• Aparup Das

      Articles written in Journal of Biosciences

    • Abdominal pigmentation and growth temperature in Indian Drosophila melanogaster: Evidence for genotype-environment interaction

      Aparup Das Sujata Mohanty B Parida

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      Phenotypic variability for abdominal pigmentation in females of an Indian natural population ofDrosophila melanogaster was studied using isofemale lines and by rearing the larvae and pupae at 4 different temperatures ranging from 20–30°C. The dark pigmented area was found to increase in all the three segments when the growth temperature decreases. A significant positive correlation was detected for the occurrence of dark pigmentation in the 5th and 6th segments in each growth temperature but for other comparisons the correlation was not regular. Analysis of variance (ANOVA) was carried out both for individual segments over different growth temperatures and also for each temperature over the three abdominal segments and in all cases found to be statistically significant. The results are quite different from the earlier observation in FrenchDrosophila melanogaster and suggest that genes controlling pigmentation are temperature dependent; temperature could affect post-transitional events involved in pigmentation. The present findings also clearly indicate that significant genotype-environment interaction exists, responsible for the production of desired phenotype at the opportune moment during the life span of a species.

    • Does malaria epidemiology project Cameroon as `Africa in miniature'?

      Huguette Gaelle Ngassa Mbenda Gauri Awasthi Poonam K Singh Inocent Gouado Aparup Das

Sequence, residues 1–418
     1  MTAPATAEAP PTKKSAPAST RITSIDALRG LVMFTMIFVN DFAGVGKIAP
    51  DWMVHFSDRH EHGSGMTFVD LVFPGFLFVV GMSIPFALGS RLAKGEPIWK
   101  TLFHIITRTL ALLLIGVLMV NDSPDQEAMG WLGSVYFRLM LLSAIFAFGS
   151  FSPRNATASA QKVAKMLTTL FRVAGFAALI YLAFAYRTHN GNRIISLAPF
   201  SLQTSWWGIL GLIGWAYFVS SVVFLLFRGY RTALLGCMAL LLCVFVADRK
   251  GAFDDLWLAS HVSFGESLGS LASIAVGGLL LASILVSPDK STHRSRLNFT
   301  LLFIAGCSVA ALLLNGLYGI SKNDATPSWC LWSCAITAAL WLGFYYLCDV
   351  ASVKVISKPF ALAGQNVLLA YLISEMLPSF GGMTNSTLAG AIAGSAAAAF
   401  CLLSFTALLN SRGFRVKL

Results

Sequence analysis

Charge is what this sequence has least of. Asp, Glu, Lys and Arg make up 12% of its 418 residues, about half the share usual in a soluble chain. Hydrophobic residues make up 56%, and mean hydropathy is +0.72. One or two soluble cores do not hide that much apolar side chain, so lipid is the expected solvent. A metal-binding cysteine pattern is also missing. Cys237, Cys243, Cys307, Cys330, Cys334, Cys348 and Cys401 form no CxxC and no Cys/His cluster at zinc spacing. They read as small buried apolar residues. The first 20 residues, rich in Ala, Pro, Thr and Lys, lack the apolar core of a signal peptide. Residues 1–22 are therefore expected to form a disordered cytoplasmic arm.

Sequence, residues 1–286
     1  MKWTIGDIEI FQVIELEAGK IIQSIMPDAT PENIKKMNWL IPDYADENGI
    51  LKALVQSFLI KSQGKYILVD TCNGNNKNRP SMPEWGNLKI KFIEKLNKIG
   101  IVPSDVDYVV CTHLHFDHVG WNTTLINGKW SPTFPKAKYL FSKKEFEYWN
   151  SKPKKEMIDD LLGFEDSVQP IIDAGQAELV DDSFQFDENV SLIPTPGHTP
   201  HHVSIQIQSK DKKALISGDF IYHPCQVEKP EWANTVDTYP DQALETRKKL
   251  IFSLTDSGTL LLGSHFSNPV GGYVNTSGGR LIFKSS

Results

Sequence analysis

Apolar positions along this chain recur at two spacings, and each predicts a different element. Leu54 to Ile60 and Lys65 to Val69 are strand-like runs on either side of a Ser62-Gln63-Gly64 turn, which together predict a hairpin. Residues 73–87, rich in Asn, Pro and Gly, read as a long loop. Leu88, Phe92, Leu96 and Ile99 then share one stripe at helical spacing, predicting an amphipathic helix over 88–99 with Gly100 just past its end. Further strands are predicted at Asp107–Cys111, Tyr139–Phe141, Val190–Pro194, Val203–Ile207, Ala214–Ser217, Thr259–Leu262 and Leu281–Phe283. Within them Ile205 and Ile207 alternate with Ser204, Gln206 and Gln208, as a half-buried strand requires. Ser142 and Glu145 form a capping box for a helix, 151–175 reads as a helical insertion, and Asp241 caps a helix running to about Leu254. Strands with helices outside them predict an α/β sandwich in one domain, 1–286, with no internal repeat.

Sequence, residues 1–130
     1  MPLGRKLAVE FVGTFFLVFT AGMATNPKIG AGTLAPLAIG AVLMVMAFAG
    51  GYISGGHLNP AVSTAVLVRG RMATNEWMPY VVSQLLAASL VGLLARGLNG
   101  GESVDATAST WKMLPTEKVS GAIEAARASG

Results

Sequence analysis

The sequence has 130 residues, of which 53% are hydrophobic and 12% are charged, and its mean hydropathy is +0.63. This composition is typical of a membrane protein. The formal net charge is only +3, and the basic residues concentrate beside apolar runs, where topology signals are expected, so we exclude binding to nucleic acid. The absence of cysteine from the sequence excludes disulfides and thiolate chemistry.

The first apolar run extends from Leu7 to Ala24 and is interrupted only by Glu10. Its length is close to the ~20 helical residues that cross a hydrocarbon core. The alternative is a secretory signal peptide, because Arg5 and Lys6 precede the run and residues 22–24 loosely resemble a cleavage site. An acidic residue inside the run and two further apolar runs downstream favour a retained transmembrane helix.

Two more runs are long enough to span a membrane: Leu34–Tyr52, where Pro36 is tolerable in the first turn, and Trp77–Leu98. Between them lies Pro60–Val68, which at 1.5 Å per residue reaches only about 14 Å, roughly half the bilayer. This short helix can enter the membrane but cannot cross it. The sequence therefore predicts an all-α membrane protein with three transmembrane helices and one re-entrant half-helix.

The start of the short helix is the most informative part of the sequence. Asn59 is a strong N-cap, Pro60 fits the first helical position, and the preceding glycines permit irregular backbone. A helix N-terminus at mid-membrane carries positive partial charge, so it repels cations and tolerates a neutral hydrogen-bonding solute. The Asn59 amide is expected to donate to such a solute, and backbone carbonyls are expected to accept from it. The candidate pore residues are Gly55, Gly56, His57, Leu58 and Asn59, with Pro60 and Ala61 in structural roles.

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      Cameroon, a west-central African country with a ∼20 million population, is commonly regarded as ‘Africa in miniature’ due to the extensive biological and cultural diversities of whole Africa being present in a single-country setting. This country is inhabited by ancestral human lineages in unique eco-climatic conditions and diverse topography. Over 90% Cameroonians are at risk of malaria infection, and ∼41% have at least one episode of malaria each year. Historically, the rate of malaria infection in Cameroon has fluctuated over the years; the number of cases was about 2 million in 2010 and 2011. The Cameroonian malaria control programme faces an uphill task due to high prevalence of multidrug-resistant parasites and insecticide-resistant malaria vectors. Above all, continued human migration from the rural to urban areas as well as population exchange with adjoining countries, high rate of ecological instabilities caused by deforestation, poor housing, lack of proper sanitation and drainage system might have resulted in the recent increase in incidences of malaria and other vector-borne diseases in Cameroon. The available data on eco-environmental variability and intricate malaria epidemiology in Cameroon reflect the situation in the whole of Africa, and warrant the need for in-depth study by using modern surveillance tools for meaningful basic understanding of the malaria triangle (host-parasite-vector-environment).

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